A nurse from the hospital support staff came in some time during the morning to tell us about our options and to make us aware that we had decisions to make and that they would help as much as they could. Decisions? Yeah, right! We did have the hospital call our priest and the funeral home we would use and that was about all we could do at the moment. By 2:00pm, our priest was with us and stayed for about an hour. What really helped me was when he told us it was okay to be angry with God. That He understood our emotions and that He'd get over it. It was probably the most helpful thing anyone said to me. I asked him if he would come back to baptize our baby and he said he would. Once that was off my mind, I was able to drift off to sleep. During that time, a representative from the funeral home came in and he spoke with Les. I awoke when Les was with him and the nurse went to get him. He told me that the funeral home was going to help us with everything, free of charge, and that we didn't have to make decisions now. I was very relieved to hear that. By now, it was 4:00pm and my sister came in to tell me she was going to run home quickly to get her husband. He had left earlier in the morning to go to work and I didn't even know it. Nothing seemed to be happening with my labor, so she decided to take her chances. Les settled down on the pull-out bed beside me and we both drifted off to sleep for a short time.

At 4:30pm, I was awakened because I felt a strange pop and thought my water had finally broken. Les got the nurse and she said that was what had happened and that things should start speeding up. She told me to call if I felt I had to push. I could not imagine how I'd know, because I was so numb. Les called my sister to hurry back. About one hour later, I felt that urge and Les called the nurse again. She coached me on what to do and I started pushing. I pushed through 2 contractions and then she asked me to blow through the next one, so the doctor could get prepared. On the next contraction, I pushed twice and the miracle of birth that I had awaited for so many years was over. It was 5:46pm, Friday, April 12, 1996. My beautiful baby was born and it was much too silent. Les and I held each other and cried. I had wanted a girl very badly, but at that moment, it didn't seem at all important. They had put the baby in a bassinet and were stitching me up before I even thought to ask. "Is it a boy or a girl?" "It's a girl." "Oh, my little girl," I cried. How could this be happening? I wanted you so much and loved you before you even existed. How could this be? She was now Kali Alyssa Brown and she was not crying. Only her Mommy and Daddy were crying.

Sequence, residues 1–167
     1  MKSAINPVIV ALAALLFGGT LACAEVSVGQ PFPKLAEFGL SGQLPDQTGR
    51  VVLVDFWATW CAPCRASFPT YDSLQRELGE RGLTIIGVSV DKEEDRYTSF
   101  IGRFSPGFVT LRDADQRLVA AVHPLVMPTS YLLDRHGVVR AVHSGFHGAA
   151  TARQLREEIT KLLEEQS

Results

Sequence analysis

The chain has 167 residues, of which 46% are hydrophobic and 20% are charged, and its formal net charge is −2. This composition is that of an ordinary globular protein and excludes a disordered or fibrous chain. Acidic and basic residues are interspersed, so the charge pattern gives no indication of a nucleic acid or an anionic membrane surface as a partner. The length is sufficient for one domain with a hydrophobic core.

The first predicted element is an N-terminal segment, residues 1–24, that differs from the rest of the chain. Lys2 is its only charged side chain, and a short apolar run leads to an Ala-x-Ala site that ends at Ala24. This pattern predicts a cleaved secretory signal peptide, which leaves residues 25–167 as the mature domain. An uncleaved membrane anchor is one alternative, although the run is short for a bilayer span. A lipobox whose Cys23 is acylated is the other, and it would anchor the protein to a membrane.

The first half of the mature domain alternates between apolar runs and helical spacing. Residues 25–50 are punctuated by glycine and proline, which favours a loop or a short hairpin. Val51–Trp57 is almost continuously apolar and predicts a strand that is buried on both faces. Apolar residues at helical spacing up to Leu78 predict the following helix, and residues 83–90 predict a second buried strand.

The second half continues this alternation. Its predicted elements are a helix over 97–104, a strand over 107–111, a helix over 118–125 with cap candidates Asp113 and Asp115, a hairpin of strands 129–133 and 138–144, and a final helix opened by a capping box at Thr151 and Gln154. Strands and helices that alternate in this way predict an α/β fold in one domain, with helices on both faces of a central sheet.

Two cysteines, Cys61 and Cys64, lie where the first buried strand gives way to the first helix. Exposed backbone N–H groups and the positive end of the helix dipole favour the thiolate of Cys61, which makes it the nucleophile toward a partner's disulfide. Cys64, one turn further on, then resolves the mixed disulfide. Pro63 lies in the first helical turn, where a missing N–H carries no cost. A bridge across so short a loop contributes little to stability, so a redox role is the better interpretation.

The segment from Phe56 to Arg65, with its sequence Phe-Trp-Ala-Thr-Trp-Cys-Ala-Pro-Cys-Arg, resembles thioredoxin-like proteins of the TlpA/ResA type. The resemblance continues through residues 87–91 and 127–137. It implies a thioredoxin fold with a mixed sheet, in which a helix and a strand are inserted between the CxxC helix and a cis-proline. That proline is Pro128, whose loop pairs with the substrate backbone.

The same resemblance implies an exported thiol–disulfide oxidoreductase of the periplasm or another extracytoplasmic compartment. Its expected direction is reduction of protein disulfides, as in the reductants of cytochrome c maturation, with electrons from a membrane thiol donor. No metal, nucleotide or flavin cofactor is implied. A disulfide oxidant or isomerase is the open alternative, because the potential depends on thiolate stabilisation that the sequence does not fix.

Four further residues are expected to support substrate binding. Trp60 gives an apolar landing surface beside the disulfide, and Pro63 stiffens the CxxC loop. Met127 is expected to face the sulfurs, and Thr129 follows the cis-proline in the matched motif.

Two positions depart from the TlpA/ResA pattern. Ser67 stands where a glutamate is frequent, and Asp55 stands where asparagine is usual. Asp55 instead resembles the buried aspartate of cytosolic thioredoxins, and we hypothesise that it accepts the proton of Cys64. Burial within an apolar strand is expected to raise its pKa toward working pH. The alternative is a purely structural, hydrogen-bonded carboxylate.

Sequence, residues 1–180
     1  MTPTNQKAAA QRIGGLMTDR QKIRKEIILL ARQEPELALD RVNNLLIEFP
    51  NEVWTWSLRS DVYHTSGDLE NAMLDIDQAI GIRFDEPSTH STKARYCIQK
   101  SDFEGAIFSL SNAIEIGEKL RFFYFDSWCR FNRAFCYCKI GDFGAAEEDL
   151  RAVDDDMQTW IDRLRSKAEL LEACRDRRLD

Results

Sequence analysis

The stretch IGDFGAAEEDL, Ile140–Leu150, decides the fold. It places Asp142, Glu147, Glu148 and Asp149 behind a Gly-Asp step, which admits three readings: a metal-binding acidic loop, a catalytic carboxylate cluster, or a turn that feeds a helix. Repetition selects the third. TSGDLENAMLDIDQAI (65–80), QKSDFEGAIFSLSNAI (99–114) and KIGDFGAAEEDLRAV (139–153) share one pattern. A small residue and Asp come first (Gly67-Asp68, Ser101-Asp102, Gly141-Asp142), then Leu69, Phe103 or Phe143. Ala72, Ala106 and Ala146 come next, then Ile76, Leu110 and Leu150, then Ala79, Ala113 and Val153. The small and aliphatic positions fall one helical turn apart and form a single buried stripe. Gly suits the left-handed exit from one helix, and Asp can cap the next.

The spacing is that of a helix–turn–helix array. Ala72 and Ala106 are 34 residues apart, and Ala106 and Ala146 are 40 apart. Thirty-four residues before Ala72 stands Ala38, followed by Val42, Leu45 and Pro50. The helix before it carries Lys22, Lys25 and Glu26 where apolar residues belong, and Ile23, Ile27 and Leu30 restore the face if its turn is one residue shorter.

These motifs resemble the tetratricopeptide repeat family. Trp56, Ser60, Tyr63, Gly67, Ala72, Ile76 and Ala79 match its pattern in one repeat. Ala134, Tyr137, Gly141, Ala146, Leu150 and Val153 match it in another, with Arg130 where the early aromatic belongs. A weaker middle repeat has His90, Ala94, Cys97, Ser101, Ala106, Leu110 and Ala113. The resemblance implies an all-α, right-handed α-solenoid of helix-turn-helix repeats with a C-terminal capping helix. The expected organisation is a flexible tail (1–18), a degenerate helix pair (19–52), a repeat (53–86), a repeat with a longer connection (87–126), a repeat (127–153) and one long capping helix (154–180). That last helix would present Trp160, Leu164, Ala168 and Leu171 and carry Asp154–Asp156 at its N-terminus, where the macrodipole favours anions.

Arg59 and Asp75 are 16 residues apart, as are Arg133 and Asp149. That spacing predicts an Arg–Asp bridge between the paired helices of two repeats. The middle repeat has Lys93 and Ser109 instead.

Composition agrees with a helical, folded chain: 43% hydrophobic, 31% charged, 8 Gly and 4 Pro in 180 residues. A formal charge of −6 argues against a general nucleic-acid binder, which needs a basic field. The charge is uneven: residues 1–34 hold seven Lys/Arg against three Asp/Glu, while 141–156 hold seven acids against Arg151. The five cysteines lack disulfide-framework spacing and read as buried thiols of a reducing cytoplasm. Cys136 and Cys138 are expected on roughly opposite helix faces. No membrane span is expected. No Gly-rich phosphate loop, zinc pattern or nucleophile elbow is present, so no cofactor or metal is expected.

They brought her to me to see and then took her to bathe her and dress her in the clothes my sister had brought in for me. Les gave me a little guardian angel pin he'd gotten from the gift shop in the hospital. I haven't taken it off since. My family came in to see her and everyone held her. Our priest had been called and baptized Kali for us. After an hour, they went home for a much needed rest and to give Les and I time alone with Kali. We kept her with us until midnight--holding her, taking pictures, kissing her and talking to her. After worrying about parenthood for so many months, Les said the most beautiful thing to Kali as he held her. "You are so beautiful. You would've been so much fun, why did you have to go?" Then he turned to me and said, "We have to try again someday, I want to know what it's like." My husband had fallen in love in an instant. It was the most touching thing I'd seen or heard in my life. Shortly after midnight we called the nurse to take Kali to the nursery and told her to please let us know when the funeral home came for her. Les sobbed over her bassinet as the nurse tried to wheel it away. We cried for a long time and fell asleep holding hands.

At 7:00am, we were told that the funeral home was there to take Kali. There were a lot more tears and I regret now that I didn't ask to hold her one last time. I was home by 6:00pm that evening, with a lot of back pain from lying in bed and from the epidural. The worst pain was the heartache.

We did not authorize an autopsy and will never know what actually happened. It could have been a cord accident, but they really didn't think so. I was asked several times when I had last felt Kali move. It really bothers me that I don't remember. She was a very active baby, but for a good part of two days I was very preoccupied with my contractions. I was a first-time mother and was trying not to freak out about every little twinge or ache. For a long time, I blamed myself for not knowing that something was wrong. Now, I have come to accept that I did the best I could. I am glad now that I spent so much time talking to her, because I believe she heard and felt my love. I believe she still hears me. I believe she is always with me.

Thankfully, my family was and still is very supportive. Les and I are doing okay, but there are still many bad days for me, even now, almost four months later. I miss Kali beyond measure. I talk to her often. I have kept a journal since the day it happened and I've written a lot of poems. I do everything in her memory. She is a part of every day.

The day after we buried Kali, Les and I were talking about her and he told me he had bought me a present some time ago, for when I gave birth. He said he didn't know if he should give it to me or not. I told him I would like him to--that just because she wasn't in our arms didn't mean we couldn't celebrate her birth. What he gave me was the Precious Moments figurine of a Mommy in a rocking chair, holding her baby. I am crazy about PM's and I had pointed it out to him months before. It's called "Love Never Leaves A Mother's Arms". I thought that there could never be a more appropriate gift. Little did I know when I saw it months ago, how much meaning it would actually have.

Thank you for bearing with me through this long story. It was so important for me to tell the world about my precious angel, Kali Alyssa.